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date: 18 February 2019

Abstract and Keywords

The chapter tackles key concepts in the study of language and society. It shows how the study of language has shifted its terminology and its conceptual understanding of language use by moving from (individual and societal) bilingualism to multilingualism and languaging, ending with the revitalization of a much abandoned concept, that of language repertoires. Rather than a comprehensive review, the chapter discusses selected key assumptions, topics, and analytical developments in the field. It further examines how the past decades of the study of language use have reached a post-Fishmanian stage of maturity in its theorizing, moving from a sociolinguistics of distribution to questions of speakerhood and praxis within complexity. Last, the chapter considers how superdiversity, the emergent perspective of the study of language, and its theoretical and methodological insights bring new life into old issues of language and social change.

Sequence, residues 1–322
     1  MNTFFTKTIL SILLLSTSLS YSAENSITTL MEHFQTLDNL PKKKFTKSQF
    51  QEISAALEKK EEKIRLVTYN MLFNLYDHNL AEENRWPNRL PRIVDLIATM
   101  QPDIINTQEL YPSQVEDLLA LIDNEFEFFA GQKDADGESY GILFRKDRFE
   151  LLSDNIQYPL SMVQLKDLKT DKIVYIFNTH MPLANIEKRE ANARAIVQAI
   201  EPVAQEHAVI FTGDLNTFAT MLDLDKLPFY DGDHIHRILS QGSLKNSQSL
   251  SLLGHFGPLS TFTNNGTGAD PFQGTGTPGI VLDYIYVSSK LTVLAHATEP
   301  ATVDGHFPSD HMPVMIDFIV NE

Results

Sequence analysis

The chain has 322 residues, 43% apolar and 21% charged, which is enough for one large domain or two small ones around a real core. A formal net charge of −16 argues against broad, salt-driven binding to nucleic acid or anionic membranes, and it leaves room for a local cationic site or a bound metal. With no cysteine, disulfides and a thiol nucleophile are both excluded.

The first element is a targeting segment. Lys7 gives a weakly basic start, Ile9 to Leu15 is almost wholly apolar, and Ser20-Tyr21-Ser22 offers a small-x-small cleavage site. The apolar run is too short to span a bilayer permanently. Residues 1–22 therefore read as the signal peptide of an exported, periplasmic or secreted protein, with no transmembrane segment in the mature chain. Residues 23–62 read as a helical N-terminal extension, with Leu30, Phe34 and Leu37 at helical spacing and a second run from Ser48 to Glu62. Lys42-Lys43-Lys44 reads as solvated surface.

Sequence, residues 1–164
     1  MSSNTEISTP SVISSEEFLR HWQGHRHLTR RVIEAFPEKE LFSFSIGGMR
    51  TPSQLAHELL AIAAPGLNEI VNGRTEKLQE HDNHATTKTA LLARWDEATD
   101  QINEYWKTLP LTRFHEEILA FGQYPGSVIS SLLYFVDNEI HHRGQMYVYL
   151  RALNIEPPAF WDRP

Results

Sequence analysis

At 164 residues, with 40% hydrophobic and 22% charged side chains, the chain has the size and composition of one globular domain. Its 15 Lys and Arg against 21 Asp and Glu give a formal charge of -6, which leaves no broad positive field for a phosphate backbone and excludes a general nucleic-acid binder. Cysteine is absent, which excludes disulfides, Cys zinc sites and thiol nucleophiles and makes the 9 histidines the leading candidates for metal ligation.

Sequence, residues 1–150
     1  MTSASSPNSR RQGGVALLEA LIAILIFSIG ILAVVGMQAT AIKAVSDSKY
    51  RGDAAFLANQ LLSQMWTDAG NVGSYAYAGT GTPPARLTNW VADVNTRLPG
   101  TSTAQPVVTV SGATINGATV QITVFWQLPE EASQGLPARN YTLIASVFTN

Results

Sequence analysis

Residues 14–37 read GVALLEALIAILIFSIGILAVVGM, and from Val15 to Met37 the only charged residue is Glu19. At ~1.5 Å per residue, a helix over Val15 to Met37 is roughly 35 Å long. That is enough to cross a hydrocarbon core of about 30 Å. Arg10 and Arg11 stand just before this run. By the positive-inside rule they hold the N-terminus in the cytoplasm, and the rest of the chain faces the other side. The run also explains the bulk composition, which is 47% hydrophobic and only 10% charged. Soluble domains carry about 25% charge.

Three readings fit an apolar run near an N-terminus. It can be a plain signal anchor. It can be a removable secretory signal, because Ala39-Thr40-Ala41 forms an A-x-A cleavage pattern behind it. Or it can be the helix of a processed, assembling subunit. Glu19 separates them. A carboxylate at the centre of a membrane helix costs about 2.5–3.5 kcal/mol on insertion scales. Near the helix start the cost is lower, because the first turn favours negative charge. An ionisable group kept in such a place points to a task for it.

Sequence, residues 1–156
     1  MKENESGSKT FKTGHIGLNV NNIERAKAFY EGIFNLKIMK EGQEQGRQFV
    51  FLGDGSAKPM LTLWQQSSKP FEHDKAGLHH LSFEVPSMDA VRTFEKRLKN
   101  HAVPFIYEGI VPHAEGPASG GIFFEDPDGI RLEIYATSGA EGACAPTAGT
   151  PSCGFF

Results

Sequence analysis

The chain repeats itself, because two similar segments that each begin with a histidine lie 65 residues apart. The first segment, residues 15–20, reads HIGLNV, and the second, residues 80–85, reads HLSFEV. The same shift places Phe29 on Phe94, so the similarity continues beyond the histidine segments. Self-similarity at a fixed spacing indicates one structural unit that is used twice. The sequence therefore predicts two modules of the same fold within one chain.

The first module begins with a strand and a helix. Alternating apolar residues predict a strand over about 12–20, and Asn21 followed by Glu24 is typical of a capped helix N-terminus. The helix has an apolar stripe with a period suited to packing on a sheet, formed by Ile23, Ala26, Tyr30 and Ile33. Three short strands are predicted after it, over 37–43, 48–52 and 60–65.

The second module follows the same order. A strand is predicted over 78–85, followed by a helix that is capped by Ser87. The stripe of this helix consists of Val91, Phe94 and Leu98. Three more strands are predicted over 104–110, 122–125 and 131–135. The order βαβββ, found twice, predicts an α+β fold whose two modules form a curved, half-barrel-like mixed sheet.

Keywords: bilingualism, multilingualism, languaging, superdiversity, repertoires, Fishman

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